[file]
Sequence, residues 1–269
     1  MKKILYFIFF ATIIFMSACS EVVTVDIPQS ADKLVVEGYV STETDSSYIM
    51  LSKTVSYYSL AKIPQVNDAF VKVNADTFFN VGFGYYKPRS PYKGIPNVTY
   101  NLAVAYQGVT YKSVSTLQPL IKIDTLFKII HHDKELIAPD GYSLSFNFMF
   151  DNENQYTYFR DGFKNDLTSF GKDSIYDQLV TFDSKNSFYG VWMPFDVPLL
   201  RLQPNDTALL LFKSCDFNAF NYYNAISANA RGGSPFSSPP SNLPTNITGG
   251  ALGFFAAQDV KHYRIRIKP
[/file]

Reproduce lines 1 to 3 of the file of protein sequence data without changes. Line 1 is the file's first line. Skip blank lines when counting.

Sequence, residues 1–269
     1  MKKILYFIFF ATIIFMSACS EVVTVDIPQS ADKLVVEGYV STETDSSYIM
    51  LSKTVSYYSL AKIPQVNDAF VKVNADTFFN VGFGYYKPRS PYKGIPNVTY